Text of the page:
Coordinating and Supporting Patient Medication Compliance
Ensuring Quality Patient Care and Positive Healthcare Outcomes
Background on Compliance and the Complications
Medication compliance has been a problematic issue across the United States for quite some time, but there is a myriad of factors that come into play regarding this medical quagmire. Just to begin, much of the critical faults lie with miscommunication and misinterpretation—in other words, patients aren’t understanding the significance of taking their medications; specifically, those within elderly communities. This health care crisis is worsened by a lack of access to medication education, the quality of the patient/doctor relationship, and as always, affordability of the medication itself. If a patient isn’t fully aware of what a medication provides to them, and it is expensive on top of that, then a great many just won’t get the prescription filled at all.
Research has also shown that poor adherence patterns persist when physicians, pharmacists and caregivers fail to address the main concerns patients have. For instance, their belief systems and own safety concerns about a prescription drug should be taken into consideration. Without strong communication and medication counseling, most patients have no commitment to continue their medication therapy, or even begin it—especially if they feel it isn’t benefiting them at all.
Currently, over 187 million Americans are prescribed prescription medications at any one given time for chronic or acute diseases and illness. Some major mistakes come into play when a patient begins to feel better and stops taking the medication. Another problem is when patients just can’t afford to get the prescription filled in the first place—which leads to a hospital stay or other significant adverse consequences. Of course, it all takes a heavy toll on the health care system, and as was mentioned previously, many patients end up becoming hospitalized or suffering unnecessarily. There are many patients who die prematurely or suffer from a disability due to non-adherence to their medication treatment.
Unfortunately, a ménage of studies and academic reports illustrate that over 50% of medications aren’t taken as they are prescribed. Because of this the direct and indirect costs are excessive and clearly burdening the system. What most don’t know is the huge expense this is placing on the health care system in general. It is estimated that these compliance issues are pushing costs over $290 billion a year. This is in addition to normal health care costs that facilities must account for. Each year it is projected that 126,000 deaths will occur due to medication non-adherence and 25% of nursing home admissions will take place. This is all avoidable if the right procedures and steps are put into place.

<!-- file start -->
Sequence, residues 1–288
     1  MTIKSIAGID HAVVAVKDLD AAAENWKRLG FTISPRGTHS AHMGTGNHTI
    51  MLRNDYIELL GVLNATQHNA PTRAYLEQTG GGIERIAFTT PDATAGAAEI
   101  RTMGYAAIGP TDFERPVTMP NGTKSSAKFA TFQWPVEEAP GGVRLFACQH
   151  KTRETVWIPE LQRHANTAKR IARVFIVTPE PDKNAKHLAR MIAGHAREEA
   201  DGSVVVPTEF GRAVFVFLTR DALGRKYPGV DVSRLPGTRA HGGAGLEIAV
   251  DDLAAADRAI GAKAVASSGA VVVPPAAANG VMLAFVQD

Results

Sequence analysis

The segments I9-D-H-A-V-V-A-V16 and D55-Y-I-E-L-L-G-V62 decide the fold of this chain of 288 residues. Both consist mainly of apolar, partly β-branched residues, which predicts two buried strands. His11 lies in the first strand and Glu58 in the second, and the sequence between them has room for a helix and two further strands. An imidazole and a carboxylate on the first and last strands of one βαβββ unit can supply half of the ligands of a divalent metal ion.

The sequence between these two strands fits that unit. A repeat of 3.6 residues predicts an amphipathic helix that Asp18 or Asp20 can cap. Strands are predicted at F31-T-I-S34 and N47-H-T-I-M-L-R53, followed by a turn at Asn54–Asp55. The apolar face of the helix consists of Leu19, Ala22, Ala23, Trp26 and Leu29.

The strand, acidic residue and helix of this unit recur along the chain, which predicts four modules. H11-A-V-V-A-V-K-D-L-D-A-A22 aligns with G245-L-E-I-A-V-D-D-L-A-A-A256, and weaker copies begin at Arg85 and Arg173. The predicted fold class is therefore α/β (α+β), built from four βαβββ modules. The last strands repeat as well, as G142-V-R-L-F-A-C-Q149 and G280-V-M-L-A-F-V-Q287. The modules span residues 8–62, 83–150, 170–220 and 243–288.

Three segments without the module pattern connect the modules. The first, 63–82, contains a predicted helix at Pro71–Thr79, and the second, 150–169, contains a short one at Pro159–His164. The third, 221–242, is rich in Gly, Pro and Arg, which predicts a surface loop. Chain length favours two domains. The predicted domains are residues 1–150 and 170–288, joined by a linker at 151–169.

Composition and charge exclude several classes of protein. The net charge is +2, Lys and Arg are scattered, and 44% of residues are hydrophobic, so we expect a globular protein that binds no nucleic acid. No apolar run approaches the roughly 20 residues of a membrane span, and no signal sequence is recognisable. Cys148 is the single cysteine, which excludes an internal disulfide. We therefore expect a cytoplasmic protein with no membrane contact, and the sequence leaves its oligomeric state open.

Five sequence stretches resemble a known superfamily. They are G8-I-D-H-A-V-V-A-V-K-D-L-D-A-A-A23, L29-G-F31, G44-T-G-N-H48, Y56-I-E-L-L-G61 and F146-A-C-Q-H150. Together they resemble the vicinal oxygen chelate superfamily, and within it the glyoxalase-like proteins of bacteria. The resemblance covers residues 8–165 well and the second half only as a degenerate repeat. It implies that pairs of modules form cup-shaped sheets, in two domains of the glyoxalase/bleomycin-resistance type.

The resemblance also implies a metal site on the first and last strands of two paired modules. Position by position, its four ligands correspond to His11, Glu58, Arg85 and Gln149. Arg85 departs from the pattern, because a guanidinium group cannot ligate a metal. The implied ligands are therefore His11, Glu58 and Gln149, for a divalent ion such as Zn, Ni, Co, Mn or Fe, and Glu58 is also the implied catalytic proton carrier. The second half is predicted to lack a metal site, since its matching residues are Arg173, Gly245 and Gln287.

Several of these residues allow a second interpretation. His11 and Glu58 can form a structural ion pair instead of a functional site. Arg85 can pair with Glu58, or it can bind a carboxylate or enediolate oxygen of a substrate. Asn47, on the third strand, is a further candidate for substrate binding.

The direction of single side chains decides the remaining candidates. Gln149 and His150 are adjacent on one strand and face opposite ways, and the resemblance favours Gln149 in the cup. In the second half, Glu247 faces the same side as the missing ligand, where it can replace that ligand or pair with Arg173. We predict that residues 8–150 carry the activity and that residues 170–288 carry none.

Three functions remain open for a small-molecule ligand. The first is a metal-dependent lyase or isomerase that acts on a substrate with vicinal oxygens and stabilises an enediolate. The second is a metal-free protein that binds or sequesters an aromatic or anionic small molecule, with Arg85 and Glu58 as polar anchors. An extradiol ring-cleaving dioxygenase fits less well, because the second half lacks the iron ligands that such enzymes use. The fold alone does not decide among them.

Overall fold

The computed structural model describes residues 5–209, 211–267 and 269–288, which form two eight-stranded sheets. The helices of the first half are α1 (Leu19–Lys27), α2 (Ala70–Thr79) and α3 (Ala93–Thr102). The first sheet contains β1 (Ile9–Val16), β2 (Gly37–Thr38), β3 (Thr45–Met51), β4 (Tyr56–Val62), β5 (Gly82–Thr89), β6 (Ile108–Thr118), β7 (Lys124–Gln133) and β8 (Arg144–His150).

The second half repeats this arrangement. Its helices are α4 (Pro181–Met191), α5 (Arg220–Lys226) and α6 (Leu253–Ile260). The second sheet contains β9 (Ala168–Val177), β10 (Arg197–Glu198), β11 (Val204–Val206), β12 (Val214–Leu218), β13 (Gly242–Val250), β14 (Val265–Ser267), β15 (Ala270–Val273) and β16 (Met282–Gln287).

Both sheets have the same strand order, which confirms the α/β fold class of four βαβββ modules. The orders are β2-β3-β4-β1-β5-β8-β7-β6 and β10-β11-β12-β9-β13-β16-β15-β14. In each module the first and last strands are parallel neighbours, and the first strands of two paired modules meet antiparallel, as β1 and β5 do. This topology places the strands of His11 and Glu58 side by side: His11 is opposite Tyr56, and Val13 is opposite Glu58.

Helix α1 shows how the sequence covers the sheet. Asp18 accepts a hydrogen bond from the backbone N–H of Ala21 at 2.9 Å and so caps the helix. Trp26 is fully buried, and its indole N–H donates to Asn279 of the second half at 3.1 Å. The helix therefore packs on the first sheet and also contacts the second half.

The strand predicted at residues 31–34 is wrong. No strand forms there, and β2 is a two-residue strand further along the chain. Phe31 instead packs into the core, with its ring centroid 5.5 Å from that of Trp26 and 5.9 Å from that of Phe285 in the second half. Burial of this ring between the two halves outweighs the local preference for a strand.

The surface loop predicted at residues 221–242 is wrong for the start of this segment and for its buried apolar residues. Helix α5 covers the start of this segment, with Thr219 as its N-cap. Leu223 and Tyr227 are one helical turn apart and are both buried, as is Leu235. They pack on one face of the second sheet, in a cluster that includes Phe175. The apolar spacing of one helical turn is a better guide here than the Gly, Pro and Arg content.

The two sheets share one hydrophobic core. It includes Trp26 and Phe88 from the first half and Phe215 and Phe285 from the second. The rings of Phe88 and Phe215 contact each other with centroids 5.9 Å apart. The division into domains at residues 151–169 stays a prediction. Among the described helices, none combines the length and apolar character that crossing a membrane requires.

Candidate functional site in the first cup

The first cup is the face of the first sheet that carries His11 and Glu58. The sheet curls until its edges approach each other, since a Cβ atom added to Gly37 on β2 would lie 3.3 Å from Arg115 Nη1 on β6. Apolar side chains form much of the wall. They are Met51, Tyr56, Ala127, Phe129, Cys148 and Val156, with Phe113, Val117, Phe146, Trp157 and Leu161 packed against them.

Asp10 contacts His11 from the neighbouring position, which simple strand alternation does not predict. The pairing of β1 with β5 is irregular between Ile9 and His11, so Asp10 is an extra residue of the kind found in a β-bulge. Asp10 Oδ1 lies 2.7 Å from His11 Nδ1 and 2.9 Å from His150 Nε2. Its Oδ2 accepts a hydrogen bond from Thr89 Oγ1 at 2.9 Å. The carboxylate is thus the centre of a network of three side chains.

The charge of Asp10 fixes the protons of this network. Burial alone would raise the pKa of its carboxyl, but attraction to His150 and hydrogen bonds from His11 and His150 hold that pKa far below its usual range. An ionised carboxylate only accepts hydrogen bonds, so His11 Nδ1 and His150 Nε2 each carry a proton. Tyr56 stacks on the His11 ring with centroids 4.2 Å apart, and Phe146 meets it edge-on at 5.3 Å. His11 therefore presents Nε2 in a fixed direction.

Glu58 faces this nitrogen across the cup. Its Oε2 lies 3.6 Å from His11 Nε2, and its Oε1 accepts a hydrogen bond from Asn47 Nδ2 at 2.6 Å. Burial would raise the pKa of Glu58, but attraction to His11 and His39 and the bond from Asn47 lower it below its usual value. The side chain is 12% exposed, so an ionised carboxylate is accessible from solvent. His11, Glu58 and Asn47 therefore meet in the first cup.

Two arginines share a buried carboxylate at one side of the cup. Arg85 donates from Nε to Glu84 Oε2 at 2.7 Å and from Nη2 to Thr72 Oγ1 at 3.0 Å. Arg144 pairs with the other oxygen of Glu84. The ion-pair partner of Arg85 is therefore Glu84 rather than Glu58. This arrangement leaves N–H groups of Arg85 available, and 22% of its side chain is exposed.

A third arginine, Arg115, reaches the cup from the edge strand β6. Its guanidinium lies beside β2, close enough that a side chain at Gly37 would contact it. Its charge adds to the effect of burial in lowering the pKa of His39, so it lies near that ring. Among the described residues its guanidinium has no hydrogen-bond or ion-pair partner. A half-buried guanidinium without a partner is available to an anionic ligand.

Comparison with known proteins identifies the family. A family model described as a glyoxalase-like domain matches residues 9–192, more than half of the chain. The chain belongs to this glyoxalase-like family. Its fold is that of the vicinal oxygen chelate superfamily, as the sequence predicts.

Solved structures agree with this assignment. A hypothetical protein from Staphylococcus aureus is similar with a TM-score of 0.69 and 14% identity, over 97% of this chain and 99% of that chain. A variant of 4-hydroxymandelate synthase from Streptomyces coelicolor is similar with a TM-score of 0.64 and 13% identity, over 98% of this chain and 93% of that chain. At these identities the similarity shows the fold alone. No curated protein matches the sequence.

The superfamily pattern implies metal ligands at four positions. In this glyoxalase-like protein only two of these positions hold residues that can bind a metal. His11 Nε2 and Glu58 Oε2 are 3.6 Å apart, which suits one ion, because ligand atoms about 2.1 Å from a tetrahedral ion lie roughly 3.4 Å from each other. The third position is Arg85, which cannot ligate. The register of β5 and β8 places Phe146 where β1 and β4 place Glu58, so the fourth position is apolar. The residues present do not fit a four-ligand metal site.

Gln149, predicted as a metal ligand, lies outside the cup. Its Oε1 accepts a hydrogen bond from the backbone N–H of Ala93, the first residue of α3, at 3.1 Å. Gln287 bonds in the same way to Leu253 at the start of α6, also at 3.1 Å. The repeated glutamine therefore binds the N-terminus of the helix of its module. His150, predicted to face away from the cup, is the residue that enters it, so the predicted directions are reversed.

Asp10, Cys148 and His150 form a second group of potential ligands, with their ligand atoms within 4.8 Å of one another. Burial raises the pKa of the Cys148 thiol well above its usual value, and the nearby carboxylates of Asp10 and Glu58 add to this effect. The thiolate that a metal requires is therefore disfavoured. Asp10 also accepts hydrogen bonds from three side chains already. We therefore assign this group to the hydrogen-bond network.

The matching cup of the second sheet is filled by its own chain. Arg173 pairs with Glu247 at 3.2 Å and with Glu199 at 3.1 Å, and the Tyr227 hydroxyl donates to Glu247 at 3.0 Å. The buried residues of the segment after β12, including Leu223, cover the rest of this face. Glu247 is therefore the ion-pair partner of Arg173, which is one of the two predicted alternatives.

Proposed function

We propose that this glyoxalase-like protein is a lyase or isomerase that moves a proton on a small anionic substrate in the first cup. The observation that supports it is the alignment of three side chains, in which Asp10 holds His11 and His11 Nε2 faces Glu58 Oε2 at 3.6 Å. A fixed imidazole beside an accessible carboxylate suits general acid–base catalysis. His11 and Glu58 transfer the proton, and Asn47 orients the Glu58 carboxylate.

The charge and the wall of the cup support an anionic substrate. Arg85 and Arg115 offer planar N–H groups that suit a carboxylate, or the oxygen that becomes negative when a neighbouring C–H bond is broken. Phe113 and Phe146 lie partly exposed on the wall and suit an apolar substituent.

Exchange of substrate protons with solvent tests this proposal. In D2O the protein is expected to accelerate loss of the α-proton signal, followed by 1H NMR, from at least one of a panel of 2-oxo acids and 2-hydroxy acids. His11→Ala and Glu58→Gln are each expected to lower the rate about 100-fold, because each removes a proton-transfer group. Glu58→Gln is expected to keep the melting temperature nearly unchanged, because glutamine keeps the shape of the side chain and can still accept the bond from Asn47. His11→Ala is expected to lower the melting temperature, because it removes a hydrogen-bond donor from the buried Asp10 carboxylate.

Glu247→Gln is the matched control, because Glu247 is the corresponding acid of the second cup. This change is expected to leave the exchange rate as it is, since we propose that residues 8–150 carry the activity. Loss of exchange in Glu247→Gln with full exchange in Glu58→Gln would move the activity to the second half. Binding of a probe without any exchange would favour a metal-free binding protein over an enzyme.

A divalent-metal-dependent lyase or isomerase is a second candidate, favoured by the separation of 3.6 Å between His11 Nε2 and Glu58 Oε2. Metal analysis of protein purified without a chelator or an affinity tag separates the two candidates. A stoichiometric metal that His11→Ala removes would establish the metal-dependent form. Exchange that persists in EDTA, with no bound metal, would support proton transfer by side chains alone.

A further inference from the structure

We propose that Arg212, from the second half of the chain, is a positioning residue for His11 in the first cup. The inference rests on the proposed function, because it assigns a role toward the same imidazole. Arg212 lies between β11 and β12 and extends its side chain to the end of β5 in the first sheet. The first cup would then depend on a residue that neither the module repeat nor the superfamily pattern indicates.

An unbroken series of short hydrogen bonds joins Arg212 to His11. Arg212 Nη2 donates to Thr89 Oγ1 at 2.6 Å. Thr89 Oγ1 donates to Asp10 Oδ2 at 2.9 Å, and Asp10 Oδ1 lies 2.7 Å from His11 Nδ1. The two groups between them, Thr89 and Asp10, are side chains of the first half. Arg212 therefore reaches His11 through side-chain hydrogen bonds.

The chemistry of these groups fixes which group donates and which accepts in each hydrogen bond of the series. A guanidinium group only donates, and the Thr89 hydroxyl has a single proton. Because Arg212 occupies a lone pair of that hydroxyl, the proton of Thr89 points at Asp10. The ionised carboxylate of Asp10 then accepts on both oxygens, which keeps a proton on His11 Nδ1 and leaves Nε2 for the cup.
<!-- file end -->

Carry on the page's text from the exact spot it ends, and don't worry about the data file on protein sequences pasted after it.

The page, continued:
For example, if medication instructions were given properly each and every time, some occurrences could be avoided, if not all. However, physicians claim to have a lack of blocked out time with each patient, and many fail to give proper information on a prescribed drug. In fact, almost 19% to 40% of written prescriptions are done so without ever fully explaining how the medication works to the patient and what they can expect. Physicians simply don’t take enough time to discuss medication concerns and dosing directions 60% of the time. This leads to an estimated 33% of adverse outcomes.
There is a very real opportunity for physicians to change their communication styles and improve the doctor/patient relationship to potentially minimize the risks for medication compliance issues. A patient-centered and engagement approach is believed to be the more effective one, because it focuses on communication and helping patients feel more comfortable with their providers. When there is a physician-patient connection, research shows that medication adherence does improve and patient frustration and anxiety is lessened.
The Consequences of Medication Non-Adherence
Medication non-compliance affects more than just doctors and private practices. The three major areas that are adversely impacted are: patients, pharmaceutical manufacturer’s and again, the health care system as an entirety. For patients, non-adherence to their medication often shortens their life span and depletes their quality of life. They also suffer from reoccurring illnesses that become chronic when they refuse to adhere to a treatment regimen. Remember, it might not be intentional but the consequences are still the same.